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Today, we are pulling from our archives to revisit one of our favorite FACES from the past year. Carole Griffin is as adorable as she is talented, and to us, that’s worthy of a replay. So welcome, once again, Carole Griffin!


Carole Griffin is the artisan baker who brought us the Continental Bakery and Chez Lulu in English Village, along with the new downtown location. This passionate chef/baker, enamored by the flavors and spirit of French cafe society, has been serving up handmade, rustic, hearth-baked artisan breads and luscious pastries, as well as fresh, locally sourced soups, salads and sandwiches for more than two decades. Combining a dash of quirky and a pinch of whimsy, Carole’s endeavors have turned out to be recipes for success! Welcome, Carole!

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Carole Griffin

Where did you grow up?

I was born in Montgomery and grew up in the western section of Birmingham. I went away to college, thinking I might not want to return. I made the decision to come back when, on a visit home, I attended one of the early Southside Festivals. On that trip, I thought I saw Birmingham moving in a more forward-thinking, progressive direction, and I wanted to be part of developing that.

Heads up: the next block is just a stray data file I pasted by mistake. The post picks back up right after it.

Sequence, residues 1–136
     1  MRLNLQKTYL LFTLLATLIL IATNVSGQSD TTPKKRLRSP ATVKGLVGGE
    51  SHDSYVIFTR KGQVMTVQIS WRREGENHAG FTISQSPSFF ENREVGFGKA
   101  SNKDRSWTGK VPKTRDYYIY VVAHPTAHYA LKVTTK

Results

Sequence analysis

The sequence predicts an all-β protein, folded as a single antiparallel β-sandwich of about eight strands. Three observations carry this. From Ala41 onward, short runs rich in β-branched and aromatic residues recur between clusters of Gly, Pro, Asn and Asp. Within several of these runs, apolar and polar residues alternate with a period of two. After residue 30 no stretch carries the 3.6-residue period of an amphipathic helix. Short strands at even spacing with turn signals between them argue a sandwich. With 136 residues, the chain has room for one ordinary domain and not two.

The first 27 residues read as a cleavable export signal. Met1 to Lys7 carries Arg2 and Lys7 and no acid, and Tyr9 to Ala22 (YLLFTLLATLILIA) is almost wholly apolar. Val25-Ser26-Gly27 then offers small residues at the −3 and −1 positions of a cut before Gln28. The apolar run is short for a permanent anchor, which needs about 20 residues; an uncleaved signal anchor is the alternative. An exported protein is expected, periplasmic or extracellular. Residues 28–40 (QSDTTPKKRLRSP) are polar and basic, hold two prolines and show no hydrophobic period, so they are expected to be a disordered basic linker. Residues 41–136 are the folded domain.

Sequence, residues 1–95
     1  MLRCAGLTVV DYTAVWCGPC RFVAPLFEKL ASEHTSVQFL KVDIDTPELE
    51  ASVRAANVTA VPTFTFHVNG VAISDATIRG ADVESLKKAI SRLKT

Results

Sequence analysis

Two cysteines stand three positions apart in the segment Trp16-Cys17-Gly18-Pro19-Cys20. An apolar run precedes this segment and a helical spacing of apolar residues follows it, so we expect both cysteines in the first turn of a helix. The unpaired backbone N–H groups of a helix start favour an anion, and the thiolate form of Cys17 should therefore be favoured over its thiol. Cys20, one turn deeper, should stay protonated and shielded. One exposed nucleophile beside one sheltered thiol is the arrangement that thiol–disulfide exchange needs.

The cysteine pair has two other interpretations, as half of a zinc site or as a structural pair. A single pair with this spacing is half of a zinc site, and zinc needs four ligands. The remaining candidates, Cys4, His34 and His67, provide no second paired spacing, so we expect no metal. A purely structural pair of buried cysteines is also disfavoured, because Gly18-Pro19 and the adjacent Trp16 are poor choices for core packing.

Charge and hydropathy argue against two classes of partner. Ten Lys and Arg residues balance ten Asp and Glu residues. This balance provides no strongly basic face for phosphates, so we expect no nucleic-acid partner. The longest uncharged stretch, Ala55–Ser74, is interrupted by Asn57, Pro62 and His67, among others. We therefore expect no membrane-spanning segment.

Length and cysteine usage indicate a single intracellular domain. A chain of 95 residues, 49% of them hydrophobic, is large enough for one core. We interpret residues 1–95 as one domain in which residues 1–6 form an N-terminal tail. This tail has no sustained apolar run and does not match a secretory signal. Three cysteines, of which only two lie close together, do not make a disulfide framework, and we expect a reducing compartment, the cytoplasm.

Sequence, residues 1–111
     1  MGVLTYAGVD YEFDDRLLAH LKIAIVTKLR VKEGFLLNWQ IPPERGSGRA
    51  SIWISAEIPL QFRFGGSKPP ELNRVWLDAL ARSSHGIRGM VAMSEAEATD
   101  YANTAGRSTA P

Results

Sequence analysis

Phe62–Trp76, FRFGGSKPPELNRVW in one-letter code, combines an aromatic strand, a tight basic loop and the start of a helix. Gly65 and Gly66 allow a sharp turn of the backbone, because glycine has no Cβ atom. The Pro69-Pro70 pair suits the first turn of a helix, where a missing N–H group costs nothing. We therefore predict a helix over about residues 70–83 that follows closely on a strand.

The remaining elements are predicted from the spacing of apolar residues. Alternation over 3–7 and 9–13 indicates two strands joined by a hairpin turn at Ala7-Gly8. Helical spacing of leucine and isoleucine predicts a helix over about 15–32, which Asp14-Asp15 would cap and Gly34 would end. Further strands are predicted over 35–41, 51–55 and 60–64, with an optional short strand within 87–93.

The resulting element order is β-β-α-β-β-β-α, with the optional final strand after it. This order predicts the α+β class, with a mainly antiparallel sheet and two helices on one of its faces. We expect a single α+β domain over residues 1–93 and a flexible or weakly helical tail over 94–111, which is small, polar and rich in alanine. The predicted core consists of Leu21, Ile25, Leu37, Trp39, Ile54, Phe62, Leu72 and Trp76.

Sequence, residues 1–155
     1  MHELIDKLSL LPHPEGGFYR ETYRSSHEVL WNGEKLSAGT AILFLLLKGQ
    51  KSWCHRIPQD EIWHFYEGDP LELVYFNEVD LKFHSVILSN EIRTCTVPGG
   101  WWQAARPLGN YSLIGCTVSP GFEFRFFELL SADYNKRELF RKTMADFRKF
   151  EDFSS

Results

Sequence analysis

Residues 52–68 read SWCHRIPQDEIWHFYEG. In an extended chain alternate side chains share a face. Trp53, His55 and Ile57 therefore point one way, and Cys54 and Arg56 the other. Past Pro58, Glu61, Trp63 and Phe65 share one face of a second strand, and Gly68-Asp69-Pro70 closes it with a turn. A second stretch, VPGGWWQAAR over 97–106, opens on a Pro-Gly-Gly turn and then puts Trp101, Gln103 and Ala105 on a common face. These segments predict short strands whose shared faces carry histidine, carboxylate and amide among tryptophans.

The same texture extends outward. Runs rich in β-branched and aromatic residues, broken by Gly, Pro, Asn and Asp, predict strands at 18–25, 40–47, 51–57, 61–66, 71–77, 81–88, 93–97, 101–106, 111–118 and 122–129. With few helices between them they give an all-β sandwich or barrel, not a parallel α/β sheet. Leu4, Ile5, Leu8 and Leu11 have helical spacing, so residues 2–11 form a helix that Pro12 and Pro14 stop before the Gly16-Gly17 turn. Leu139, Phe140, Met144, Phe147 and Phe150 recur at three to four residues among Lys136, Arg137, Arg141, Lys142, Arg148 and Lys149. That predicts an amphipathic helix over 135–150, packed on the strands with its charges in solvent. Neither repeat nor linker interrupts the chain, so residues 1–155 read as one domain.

Is baking something you have always had a passion for?

I fell in love with baking the year I graduated from college. I was at Rice University, in the middle of acquiring a triple major in English, French and history. In my senior year, I was struck with the realization that I wanted to do something more tangible, more hands-on, less esoteric. I switched focus and set my sights on becoming a midwife. While I was applying for graduate school, I took a job as a night baker (a job I’ve come to see as having many similarities to midwifery). To my surprise, I adored baking, and the rest is history.

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How did Continental Bakery and Chez Lulu come to be?

I was working with a newspaper in D.C., where I had landed after an adventurous trip to Europe. I used to meet a baker friend I had worked with in Texas for lunch every day, and we would commiserate about our tedious desk jobs. Eventually we hatched an escape plan—to return to my hometown and open a bakery. We saved our money, attended seminars at the Small Business Association and arrived in Birmingham a year later with a business plan and $9,000. My grandmother let us live with her while we chased down used equipment, tore out walls and renovated an old dress shop in Mountain Brook.

You recently opened a second location, right?